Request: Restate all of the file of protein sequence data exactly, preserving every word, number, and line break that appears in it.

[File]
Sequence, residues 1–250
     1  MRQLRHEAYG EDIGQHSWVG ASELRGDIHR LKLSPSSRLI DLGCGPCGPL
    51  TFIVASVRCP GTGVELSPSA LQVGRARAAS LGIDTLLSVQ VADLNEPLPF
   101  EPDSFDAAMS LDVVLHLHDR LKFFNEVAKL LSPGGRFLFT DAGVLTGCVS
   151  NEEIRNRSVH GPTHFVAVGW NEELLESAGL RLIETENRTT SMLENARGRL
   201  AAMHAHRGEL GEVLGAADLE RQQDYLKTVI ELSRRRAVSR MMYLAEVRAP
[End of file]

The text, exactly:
Sequence, residues 1–250
     1  MRQLRHEAYG EDIGQHSWVG ASELRGDIHR LKLSPSSRLI DLGCGPCGPL
    51  TFIVASVRCP GTGVELSPSA LQVGRARAAS LGIDTLLSVQ VADLNEPLPF
   101  EPDSFDAAMS LDVVLHLHDR LKFFNEVAKL LSPGGRFLFT DAGVLTGCVS
   151  NEEIRNRSVH GPTHFVAVGW NEELLESAGL RLIETENRTT SMLENARGRL
   201  AAMHAHRGEL GEVLGAADLE RQQDYLKTVI ELSRRRAVSR MMYLAEVRAP